Data Protection for Churches

Data protection for churches is a very important topic since the introduction of GDPR in May 2018. In the past, it was common for churches to allow people on teams to know a little more information than was absolutely necessary, and in the majority of cases, this was perfectly fine. It made pastoral visits easier to arrange, contacting people easier, and so on.

With the changes implemented with GDPR, much more thought needs to be put into how personal data is handled.

Keeping Church Data Safe

Churches nowadays range from small congregations with one or two staff members – perhaps volunteers – to look after the admin side of things, to stadium-sized establishments with massive congregations and hundreds of people on teams.

Whichever end of the spectrum your church fits, the rules are the same. Don’t take data home with you. Don’t share data informally within the church, and don’t share it with anyone at all outside the church. If you need to share or obtain data, go through your line manager, who may be the pastor/priest/vicar/bishop/etc. If you can’t prove you have permission to hold data about someone, you should not have that data.

Failure to comply with these rules could result in a £10,000 fine in the UK, and that is not an insignificant amount.

When Data Can Be Shared

The requirement for sharing data must be limited to the requirements of the job at hand. If you want to send an email blast to everyone in church advertising a fundraising campaign, you can’t do it unless you have the express permission of the people you are emailing – and the same goes for if you are sending the message by post.

Think fundraising is the issue? Nope. You could send a message advertising your Sunday service…but only with permission! You will need either written or electronic acceptance of the receipt of communications from every person on your list.

You can do this through a tickbox online when they sign up to your email newsletter, or by asking them to update their details with a contact card – include a tickbox for allowing contact by post, phone call, etc.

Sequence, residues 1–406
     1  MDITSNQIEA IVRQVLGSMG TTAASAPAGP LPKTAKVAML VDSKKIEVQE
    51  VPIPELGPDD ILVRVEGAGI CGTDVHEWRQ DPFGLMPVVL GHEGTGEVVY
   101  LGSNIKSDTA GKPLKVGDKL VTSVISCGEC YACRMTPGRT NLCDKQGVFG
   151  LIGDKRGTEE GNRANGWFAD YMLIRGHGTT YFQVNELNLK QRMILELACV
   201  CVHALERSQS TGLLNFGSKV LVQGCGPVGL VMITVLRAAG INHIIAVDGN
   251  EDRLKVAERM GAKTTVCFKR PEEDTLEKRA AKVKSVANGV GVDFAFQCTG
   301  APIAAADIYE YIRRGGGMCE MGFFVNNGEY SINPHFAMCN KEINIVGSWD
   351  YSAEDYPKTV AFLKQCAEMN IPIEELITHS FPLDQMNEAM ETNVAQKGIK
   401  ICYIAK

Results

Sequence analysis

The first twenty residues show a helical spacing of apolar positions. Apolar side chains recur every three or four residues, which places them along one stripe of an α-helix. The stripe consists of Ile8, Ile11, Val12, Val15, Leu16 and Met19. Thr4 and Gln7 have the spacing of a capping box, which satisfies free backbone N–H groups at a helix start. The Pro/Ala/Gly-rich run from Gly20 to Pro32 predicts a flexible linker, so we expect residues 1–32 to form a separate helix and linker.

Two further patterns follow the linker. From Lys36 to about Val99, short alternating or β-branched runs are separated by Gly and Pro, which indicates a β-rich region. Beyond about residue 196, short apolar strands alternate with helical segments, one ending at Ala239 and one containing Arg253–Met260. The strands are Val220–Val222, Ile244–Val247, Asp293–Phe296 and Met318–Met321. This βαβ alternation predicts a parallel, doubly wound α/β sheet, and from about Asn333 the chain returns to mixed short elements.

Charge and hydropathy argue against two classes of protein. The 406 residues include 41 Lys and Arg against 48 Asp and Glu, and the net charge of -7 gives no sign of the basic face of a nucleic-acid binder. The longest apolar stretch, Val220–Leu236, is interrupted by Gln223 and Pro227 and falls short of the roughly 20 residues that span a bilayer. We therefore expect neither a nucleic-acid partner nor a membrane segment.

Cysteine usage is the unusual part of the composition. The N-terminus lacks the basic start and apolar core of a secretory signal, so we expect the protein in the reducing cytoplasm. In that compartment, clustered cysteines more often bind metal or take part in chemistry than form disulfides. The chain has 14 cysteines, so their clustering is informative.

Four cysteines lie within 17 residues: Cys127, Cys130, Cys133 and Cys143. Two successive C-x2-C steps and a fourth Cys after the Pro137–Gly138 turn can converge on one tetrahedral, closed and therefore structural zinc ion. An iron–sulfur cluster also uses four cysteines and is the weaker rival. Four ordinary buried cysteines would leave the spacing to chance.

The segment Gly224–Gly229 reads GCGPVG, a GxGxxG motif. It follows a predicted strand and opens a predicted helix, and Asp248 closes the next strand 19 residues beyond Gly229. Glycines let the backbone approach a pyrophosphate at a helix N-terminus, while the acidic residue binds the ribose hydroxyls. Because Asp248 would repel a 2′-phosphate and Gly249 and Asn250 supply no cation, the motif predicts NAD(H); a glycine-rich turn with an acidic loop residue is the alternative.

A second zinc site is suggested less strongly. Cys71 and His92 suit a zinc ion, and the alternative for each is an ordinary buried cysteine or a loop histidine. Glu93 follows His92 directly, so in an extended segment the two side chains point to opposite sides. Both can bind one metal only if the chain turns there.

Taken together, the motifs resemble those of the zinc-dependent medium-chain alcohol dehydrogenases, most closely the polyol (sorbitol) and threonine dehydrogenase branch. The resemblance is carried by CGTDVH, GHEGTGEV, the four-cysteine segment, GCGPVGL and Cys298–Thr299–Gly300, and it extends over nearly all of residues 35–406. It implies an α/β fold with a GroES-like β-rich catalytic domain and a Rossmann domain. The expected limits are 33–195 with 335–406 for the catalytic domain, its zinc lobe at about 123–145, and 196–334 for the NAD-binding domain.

You’ll also need to confirm (with another tick) that you are allowed to process their data. There’s no point in obtaining contact details or other information if you are not allowed to use it.

Any data you hold can be shared within the church providing it is for a particular purpose. If it is to send a card, to process a donation or anything of a legitimate nature, that’s fine. But if someone casually asks for a phone number, don’t pass it on, unless it is to complete a function of their position.

Never share personal data of any kind with someone outside of the people who work in the church office.

Keeping Data Safe

Personal data must be kept safe at all times. Anything held on an individual device such as a laptop or phone must be password protected, at least at the device level, and if data is stored outside the country the individuals must be made aware of this.

Some churches use Google Drive to store their data. This is good as it is password protected and encrypted to keep prying eyes out – unfortunately, it’s hosted in the USA. While this is not a problem per se, you must inform the people involved of this fact.

Paper data is also required to be secured. Once you have finished with a piece of paper – or simply leave your desk – the paper should either be destroyed (store it on a computer system if you need to) or securely locked away in a safe or lockable drawer/filing cabinet. This simply stops anyone from walking in and taking the information away with them.

The Basic Dos And Don’ts of GDPR for Churches

The GDPR legislation is long and complex, but this brief summary will set you on the right path. If in doubt, always consult a professional – this is for guidance only and does not constitute legal advice.

  • DO NOT store any electronic data on a personal device, be it a laptop, phone, tablet, USB stick or anything else. Any and all of these devices must be approved by a senior member of the church or the IT team (as appropriate) before use.
  • DO store files, documents, and data in a secure system (such as a server or on the church Google Drive system) and not anywhere else.
  • DO use strong passwords (e.g. including numbers, capital letters, etc), or use passphrases made of multiple words.
  • DO use encryption whenever it is possible. Encryption stops theft of information by snoopers.
  • DO lock your screen every time you leave your device – including PCs. Pro-tip: use the shortcut WINDOWS+L on Windows machines or CTRL+SHIFT+POWER (CTRL+SHIFT+EJECT on older machines) on Macs to lock the screen quickly.
  • DO use BCC fields when emailing multiple people so that you don’t inadvertently share email addresses.
  • DO keep paper safe. Paper documents with data on them should not leave the church office. As soon as you have finished with any paper copies, they must either be locked away in a drawer or cabinet, or alternatively shredded.
  • DO notify the Data Protection Manager (someone within your church should fill this role) in the event of a data security breach. There are time limits imposed on this – if you do not do it immediately, there could be a fine of up to £10,000 imposed.

 In short: